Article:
# Accessible explanation of the link between the distribution of primes and the Riemann zeta function.

I am looking for an accessible explanation of the link between the distribution of the primes and the Riemann zeta function.

I have read the related questions and answers here (eg this), and also via internet search, and also key recommended books (popular maths, like Prime Obsession, texts like Apostol, etc) - and they either gloss over the key points, or are aimed at readers with university level maths.

I would appreciate answers here, or pointers to explanations elsewhere.

My students understand the Euler product formula, complex functions, calculus.

Note - this is a repeat of a previous question (now deleted) as it was marked negative without explanation.

• I gave a negative explanation in a comment, did you read it, what was your answer? Mar 24, 2021 at 3:39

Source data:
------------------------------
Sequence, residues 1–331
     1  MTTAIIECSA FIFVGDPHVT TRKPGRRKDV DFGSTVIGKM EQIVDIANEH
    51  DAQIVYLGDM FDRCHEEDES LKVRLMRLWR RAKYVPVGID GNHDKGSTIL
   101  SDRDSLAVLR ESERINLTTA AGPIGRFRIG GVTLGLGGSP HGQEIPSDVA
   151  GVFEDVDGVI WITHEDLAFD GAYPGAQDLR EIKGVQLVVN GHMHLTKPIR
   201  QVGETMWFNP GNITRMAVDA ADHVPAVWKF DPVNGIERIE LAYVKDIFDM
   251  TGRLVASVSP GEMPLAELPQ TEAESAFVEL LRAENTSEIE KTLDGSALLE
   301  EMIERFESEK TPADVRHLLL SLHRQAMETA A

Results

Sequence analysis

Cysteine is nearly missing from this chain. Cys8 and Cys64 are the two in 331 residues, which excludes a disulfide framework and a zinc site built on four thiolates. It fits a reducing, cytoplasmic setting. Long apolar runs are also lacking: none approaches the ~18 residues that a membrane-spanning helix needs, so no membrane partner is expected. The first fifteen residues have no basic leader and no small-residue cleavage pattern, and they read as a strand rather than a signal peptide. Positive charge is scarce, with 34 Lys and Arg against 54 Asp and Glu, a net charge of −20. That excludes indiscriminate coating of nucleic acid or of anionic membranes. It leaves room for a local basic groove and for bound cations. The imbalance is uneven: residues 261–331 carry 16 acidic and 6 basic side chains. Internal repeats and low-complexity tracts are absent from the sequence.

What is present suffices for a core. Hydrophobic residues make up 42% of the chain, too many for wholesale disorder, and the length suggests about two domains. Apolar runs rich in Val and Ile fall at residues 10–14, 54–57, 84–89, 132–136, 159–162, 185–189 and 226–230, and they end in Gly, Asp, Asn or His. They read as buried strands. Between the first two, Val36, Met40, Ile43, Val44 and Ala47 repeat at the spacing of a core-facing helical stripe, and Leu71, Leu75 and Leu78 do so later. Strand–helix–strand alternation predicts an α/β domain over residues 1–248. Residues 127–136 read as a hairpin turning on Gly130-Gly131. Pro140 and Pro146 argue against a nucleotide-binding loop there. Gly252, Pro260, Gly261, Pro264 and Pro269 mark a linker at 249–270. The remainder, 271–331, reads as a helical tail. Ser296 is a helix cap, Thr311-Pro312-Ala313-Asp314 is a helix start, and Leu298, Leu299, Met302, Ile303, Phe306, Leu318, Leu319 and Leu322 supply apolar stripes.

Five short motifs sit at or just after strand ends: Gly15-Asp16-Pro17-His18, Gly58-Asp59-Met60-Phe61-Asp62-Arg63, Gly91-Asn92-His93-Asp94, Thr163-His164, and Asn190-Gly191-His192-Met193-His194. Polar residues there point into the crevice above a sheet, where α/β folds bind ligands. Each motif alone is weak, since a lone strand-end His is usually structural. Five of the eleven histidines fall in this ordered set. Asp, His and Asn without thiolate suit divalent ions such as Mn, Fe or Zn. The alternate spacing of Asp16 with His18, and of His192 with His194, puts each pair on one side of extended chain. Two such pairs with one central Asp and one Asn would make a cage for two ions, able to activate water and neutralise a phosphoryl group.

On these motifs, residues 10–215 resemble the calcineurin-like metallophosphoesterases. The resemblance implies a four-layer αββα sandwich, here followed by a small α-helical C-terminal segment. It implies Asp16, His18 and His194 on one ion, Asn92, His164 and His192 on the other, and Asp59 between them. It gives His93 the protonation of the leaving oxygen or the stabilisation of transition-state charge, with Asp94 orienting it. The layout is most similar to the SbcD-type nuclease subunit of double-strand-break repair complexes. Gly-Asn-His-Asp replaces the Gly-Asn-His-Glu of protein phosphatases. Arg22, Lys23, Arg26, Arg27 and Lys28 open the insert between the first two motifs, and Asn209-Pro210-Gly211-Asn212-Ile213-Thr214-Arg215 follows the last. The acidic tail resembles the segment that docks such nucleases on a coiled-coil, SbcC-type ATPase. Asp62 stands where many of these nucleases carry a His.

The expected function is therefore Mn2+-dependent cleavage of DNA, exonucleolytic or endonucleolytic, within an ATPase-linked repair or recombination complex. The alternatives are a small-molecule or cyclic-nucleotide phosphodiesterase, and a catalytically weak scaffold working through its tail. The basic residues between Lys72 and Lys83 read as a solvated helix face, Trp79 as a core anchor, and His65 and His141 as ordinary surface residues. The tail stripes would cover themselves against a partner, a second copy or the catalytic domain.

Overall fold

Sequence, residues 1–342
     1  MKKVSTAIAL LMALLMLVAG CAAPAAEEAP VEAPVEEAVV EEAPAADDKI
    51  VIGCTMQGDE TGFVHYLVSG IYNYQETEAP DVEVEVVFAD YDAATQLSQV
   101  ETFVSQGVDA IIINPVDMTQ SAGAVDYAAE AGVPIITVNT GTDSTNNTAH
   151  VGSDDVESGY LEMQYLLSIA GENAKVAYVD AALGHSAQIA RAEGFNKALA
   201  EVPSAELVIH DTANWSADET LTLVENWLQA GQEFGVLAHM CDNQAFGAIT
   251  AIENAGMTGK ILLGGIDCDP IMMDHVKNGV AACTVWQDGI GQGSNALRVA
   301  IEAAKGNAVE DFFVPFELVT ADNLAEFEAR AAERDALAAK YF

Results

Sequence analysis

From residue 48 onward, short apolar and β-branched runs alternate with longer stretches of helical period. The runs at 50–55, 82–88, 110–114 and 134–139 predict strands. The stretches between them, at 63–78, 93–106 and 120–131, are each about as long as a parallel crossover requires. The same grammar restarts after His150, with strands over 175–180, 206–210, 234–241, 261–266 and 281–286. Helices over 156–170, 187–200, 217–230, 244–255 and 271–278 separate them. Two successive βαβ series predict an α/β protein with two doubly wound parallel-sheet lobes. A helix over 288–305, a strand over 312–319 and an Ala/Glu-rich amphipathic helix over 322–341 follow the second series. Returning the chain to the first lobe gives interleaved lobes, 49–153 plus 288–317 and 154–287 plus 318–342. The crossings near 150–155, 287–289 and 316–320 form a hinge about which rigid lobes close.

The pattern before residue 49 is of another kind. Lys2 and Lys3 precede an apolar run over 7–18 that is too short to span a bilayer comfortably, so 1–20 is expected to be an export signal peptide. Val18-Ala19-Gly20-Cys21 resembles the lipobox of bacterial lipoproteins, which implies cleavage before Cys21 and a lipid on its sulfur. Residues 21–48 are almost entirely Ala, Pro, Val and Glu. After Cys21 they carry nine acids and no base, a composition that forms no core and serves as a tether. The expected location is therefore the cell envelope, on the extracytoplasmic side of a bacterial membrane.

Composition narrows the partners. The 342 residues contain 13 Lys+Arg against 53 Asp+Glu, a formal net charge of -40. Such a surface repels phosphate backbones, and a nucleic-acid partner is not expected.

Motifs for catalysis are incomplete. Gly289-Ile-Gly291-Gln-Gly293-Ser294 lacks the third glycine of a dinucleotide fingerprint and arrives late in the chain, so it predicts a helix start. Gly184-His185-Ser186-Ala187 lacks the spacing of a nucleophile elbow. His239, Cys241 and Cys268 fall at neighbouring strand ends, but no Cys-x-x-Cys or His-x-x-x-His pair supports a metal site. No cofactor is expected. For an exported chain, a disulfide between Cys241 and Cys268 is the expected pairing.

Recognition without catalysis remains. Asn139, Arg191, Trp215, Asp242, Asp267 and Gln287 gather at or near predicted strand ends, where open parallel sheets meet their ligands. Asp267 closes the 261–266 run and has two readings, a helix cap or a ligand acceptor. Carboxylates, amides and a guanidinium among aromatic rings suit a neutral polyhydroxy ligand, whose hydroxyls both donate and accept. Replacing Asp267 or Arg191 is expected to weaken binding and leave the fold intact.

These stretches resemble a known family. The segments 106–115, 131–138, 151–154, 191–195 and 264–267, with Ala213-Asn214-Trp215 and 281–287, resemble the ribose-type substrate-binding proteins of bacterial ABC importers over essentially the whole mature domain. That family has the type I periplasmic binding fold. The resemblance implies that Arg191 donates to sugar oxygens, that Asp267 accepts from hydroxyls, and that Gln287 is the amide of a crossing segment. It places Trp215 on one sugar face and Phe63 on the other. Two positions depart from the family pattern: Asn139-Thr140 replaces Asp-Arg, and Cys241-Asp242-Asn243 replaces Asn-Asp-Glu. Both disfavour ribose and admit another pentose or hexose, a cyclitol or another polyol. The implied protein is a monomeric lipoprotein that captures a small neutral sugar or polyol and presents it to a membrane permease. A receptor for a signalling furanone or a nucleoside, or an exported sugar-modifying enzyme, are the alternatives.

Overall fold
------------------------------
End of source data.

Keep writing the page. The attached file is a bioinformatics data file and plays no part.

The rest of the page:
• Again, what don't you like in my answer? Mar 26, 2021 at 18:48

$$\frac{-\zeta'(s)}{s\zeta(s)}$$ is the Laplace transform of $$\psi(e^u)$$.
If $$\psi(e^u)-e^u=O(e^{\sigma u})$$ then $$\frac{-\zeta'(s)}{s\zeta(s)}-\frac1{s-1}$$ is analytic for $$\Re(s)>\sigma$$. The converse is the purpose of the Tauberian theorems, highly non-trivial, the topic of several textbooks.
• the PNT $$\psi(e^u)-e^u=o(e^{u})$$ (following from that $$\frac{-\zeta'(s)}{s\zeta(s)}-\frac1{s-1}$$ is analytic on $$\Re(s)\ge 1$$ and shifting the inverse Laplace transform integral to the left),
• that under the RH $$\psi(e^u)-e^u=O(e^{u/2} u^2)$$ (shifting the inverse Laplace transform integral even more to the left after proving a lot of non-trivial facts on $$\zeta(s)$$)